Coverage: Starbucks’ earnings post a pleasant surprise
Improved U.S. holiday sales helped Starbucks Corp. achieve better-than-expected results in its fiscal first quarter.
Dee-Ann Durbin of the Associated Press had the news:
After a disappointing holiday in 2017, Starbucks made some changes. This past year, holiday drinks went on sale earlier and the company removed some merchandise from the lobby to make a clearer path to gift cards.
It worked. Starbucks Chief Operating Officer Roz Brewer said gift card sales — which were down last year — jumped 12 percent to $2.6 billion in its fiscal first quarter that ended Dec. 30.
Net revenue for Starbucks’ Americas segment rose 8 percent to $4.6 billion. Same-store sales growth was up 4 percent. Store transactions were flat, but customers spent more per visit.
Starbucks hopes to boost U.S. sales by adding a delivery option through UberEats. It announced earlier this week that the service is launching soon at some stores in San Francisco, New York, Boston, Washington, Chicago and Los Angeles. Brewer said more cities will be announced at the end of the second quarter.
Amelia Lucas and Kate Rogers of CNBC.com reported that same-store sales also beat expectations:
While the number of transactions in the U.S. remained flat, Starbucks reported same-store sales growth of 4 percent thanks to a 3 percent bump in the average check size. Wall Street was expecting to see same-store sales increase by 3.2 percent.
The company’s iced beverages led growth with its Refreshers, iced espresso and iced coffee drinks proving popular with customers all day.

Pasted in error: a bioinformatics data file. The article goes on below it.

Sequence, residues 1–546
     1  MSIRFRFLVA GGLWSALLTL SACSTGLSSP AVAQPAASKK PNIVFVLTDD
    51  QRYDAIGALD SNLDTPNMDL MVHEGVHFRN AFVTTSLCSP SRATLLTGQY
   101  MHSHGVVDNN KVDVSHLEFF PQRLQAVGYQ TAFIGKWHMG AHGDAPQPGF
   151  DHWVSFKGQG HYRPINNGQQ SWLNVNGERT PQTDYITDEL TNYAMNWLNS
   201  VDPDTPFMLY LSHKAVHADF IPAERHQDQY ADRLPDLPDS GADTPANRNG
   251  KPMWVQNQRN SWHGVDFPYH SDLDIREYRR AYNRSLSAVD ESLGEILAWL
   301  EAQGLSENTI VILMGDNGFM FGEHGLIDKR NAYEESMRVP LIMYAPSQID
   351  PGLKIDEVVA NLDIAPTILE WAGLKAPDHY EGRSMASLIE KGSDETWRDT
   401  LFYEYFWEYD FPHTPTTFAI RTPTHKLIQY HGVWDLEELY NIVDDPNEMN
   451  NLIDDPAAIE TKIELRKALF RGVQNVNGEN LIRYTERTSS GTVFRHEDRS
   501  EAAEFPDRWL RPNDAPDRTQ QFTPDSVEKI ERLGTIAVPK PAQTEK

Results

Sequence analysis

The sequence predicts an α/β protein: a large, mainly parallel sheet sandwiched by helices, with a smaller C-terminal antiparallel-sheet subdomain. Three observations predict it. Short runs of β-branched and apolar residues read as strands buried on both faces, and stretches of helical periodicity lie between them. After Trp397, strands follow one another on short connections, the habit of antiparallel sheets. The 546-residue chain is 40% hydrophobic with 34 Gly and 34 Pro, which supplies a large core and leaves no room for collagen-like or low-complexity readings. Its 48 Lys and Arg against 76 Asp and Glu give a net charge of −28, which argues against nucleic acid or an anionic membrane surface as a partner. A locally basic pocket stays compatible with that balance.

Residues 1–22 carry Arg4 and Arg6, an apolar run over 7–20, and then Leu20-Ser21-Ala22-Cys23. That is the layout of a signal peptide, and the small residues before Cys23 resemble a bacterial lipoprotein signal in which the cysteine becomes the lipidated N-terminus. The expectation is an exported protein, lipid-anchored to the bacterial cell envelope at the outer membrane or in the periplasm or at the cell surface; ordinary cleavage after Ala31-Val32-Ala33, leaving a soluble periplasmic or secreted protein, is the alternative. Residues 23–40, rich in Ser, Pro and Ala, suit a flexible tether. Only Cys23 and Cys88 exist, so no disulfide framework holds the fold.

“We also saw continued improvement in cold beverages,” Starbucks Chief Operating Officer Rosalind Brewer told CNBC. “So we continue to learn that cold beverages sell all year long.”
The company also increased the number of rewards members to 16.3 million people, a year-over-year increase of 14 percent. Johnson said that the company is changing the loyalty program so customers can earn and redeem rewards more quickly and across a broader range of products.
Alex Eule of Barron’s reported that the company’s stock has been recently outperforming the market:
The back story. Starbucks shares were struggling last summer, beset by concerns that the coffee giant had reached a saturation point and would struggle to grow like it had in the past. But the value of the brand never changed, as recognized by activist investor William Ackman who took a stakein the company last fall. Starbucks has now soared 37% since its June 2018 low, and the stock is up 7% over the last 12 months versus a 7% decline for the S&P 500. Now investors are waiting to see whether Starbucks can deliver. Its shares closed at $65.30 on Thursday.
The plot twist. Late Thursday, Starbucks reported a fiscal-first-quarter adjusted profit of 75 cents a share, easily beating Wall Street’s forecast for 65 cents a share. Revenue of $6.63 billion also topped expectations for $6.49 billion. Closely watched comparable-store sales rose 4% in the quarter, versus predictions for 2% growth.
“We are particularly pleased with the sequential improvement in quarterly comparable store transactions in the U.S., underpinned by our digital initiatives and improved execution of our in-store experience,” CEO Kevin Johnson said in the company’s press release.